May 27, 2017, IWPR: At 11pm on the night of April 3, 2016, Bibi Sahra was woken by a group of armed soldiers storming into her family home. The 37-year-old, from the village of Qala Taqai in Baraki Barak district, recounted how the door of the bedroom was kicked in and half-a-dozen Afghan army soldiers in camouflage gear entered. A voice booming out over a loudspeaker warned everyone not to move.
May 18, 2017, TOLOnews (Translated by RAWA): Qadria, a resident of Farkhar district in Takhar province, spoke to TOLOnews on May 18, and revealed the forms of violence she faced from her husband and his relatives. She said that the night before, her mother-in-law, husband, and two brother-in-laws, first accused her of having relations with a man living next door, then locked her in a room; then they tied up her hands and feet and taped her mouth, and tortured her with hot screwdrivers and pliers.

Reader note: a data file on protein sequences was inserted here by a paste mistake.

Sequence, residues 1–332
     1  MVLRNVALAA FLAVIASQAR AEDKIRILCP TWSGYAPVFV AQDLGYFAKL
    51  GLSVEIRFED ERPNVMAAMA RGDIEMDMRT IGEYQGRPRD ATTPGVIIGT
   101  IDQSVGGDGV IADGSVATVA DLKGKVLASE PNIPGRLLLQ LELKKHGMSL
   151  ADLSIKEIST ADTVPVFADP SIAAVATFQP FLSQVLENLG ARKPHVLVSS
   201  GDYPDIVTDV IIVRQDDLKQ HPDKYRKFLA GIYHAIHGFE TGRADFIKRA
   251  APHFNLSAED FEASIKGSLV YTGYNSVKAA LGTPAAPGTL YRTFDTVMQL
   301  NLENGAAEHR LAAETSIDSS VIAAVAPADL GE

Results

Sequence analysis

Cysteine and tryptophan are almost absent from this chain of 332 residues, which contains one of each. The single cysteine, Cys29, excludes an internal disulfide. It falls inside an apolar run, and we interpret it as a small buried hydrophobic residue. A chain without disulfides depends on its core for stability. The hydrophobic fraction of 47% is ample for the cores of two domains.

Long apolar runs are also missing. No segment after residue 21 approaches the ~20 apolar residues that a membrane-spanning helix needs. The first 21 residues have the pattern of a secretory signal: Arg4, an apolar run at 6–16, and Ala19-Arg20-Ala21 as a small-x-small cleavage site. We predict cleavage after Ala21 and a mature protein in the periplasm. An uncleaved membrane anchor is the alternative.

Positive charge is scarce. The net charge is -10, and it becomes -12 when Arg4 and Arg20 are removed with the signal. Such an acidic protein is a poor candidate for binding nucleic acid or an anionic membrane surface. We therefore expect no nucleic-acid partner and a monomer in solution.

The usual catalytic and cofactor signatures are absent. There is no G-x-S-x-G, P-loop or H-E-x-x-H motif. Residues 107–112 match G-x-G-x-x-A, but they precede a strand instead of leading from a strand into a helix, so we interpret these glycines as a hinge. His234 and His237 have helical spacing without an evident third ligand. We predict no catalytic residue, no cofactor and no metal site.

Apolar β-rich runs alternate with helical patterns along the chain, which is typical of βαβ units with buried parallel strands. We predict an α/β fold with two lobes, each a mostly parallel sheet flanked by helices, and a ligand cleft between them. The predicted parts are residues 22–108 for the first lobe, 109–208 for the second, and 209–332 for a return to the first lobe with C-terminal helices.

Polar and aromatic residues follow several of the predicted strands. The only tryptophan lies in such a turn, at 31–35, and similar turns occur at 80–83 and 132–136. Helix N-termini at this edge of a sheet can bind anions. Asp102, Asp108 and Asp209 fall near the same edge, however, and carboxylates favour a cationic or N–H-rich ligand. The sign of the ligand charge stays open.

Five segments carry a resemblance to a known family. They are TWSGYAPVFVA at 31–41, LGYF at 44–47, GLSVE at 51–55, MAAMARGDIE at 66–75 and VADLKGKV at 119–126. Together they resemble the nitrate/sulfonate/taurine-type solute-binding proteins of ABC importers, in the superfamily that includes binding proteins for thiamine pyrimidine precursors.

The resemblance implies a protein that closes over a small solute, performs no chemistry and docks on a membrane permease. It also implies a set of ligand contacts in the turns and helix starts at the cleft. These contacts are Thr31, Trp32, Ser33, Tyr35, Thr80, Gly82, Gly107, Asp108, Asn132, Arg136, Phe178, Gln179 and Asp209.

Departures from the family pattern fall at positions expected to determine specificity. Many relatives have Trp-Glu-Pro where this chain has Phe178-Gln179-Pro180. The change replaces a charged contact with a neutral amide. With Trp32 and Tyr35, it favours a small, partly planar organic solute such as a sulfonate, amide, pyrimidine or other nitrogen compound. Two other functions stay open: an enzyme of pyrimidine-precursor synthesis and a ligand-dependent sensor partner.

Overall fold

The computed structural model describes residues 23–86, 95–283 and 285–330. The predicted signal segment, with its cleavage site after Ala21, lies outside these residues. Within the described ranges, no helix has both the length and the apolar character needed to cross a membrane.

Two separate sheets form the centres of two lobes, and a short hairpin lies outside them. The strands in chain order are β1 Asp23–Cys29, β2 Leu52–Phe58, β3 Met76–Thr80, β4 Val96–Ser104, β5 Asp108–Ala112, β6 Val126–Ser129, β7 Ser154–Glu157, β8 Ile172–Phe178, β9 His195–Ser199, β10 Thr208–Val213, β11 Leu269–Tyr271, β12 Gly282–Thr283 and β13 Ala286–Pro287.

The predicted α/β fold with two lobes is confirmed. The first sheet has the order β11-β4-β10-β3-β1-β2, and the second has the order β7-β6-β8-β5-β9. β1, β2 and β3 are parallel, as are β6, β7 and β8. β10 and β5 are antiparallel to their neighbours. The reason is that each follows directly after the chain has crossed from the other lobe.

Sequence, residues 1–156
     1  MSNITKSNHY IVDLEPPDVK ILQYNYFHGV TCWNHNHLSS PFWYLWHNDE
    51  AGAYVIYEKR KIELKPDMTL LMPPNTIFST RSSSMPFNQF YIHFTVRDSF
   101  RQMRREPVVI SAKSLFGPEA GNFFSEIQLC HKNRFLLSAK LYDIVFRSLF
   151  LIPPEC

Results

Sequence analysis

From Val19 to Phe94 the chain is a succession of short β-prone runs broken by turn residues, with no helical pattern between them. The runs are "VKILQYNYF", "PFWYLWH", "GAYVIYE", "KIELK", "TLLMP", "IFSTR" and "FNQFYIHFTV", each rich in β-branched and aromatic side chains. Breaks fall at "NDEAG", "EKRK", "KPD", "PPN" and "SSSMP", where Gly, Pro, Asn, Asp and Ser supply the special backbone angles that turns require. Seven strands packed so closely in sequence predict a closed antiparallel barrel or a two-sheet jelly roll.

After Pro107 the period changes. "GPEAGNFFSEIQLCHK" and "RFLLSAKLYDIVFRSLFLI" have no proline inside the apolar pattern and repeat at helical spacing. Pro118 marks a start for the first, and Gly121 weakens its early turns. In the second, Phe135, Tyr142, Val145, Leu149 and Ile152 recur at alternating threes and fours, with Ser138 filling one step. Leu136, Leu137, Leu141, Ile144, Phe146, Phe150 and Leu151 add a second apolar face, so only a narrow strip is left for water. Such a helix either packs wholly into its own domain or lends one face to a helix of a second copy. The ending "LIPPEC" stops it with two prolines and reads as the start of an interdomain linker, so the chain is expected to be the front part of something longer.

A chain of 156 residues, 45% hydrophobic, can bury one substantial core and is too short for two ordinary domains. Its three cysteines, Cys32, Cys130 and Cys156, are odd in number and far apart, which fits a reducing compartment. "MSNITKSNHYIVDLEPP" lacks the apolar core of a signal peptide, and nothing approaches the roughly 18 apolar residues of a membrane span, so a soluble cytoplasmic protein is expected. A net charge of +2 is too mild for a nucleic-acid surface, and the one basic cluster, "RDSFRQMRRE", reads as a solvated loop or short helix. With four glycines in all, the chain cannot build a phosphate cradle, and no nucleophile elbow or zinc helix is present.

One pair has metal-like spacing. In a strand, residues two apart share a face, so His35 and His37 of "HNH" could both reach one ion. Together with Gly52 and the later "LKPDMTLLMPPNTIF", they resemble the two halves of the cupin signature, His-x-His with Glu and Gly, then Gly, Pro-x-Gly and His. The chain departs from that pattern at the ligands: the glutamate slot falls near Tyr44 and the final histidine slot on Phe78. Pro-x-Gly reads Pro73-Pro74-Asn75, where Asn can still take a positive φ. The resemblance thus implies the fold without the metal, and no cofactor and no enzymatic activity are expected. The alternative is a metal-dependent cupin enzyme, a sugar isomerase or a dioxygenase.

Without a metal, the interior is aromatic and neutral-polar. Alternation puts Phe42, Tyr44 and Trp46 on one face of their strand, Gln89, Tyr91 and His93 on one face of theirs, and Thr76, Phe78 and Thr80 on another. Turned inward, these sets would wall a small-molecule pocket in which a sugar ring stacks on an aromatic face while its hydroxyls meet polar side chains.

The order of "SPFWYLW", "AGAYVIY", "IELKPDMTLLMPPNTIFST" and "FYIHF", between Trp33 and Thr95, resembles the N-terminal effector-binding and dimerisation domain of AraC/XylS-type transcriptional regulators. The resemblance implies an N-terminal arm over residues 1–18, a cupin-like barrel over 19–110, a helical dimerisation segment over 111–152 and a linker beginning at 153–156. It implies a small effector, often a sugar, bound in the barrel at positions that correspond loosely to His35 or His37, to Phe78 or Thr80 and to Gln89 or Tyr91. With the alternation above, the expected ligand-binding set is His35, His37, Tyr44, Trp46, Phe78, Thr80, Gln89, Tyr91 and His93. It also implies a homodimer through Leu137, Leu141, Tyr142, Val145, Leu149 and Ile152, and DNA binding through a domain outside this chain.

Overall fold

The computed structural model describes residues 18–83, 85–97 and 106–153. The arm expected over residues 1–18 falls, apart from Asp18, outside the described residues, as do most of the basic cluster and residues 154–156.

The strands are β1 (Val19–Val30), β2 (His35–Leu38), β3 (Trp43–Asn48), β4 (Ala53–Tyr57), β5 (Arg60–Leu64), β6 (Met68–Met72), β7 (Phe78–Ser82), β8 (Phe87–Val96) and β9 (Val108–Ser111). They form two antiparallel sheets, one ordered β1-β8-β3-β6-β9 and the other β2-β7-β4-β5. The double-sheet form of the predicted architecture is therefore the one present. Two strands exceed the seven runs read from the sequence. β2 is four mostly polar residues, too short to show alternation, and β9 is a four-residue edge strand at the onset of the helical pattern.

May 15, 2017, Fox News: He is known simply as the “Butcher of Kabul” and, after 20 years in self-imposed exile, Gulbuddin Hekmatyar returned last week to the Afghan capitol he once mercilessly massacred. President Ghani and members of his national unity government warmly welcomed the warlord. After fighting the Soviet Union and the Afghan communist government during the 1980s with his Hezb-e-Islami militia, Hekmatyar, 69, and other warlords eventually sparked civil war within Afghanistan.
May 14, 2017, Al Jazeera: From opportunistic guns for hire on the fringe of domestic conflicts to a global force operating within a multibillion-dollar industry - the private military sector seems to be flourishing. As armies and war increasingly become “outsourced”, private military companies have taken on a wider increasing range of responsibilities, from security and intelligence analysis to training and combat roles.
May 8, 2017, IWPR: For the last year Ziaullah, a resident of Jalalabad city in the eastern province of Nangarhar, has been regularly taking the medicine his doctor prescribed to treat his kidney stones. But his agonising condition had not improved for one simple reason, he told IWPR. It was virtually impossible to get decent medication locally, with a market flooded with substandard or out-of-date drugs.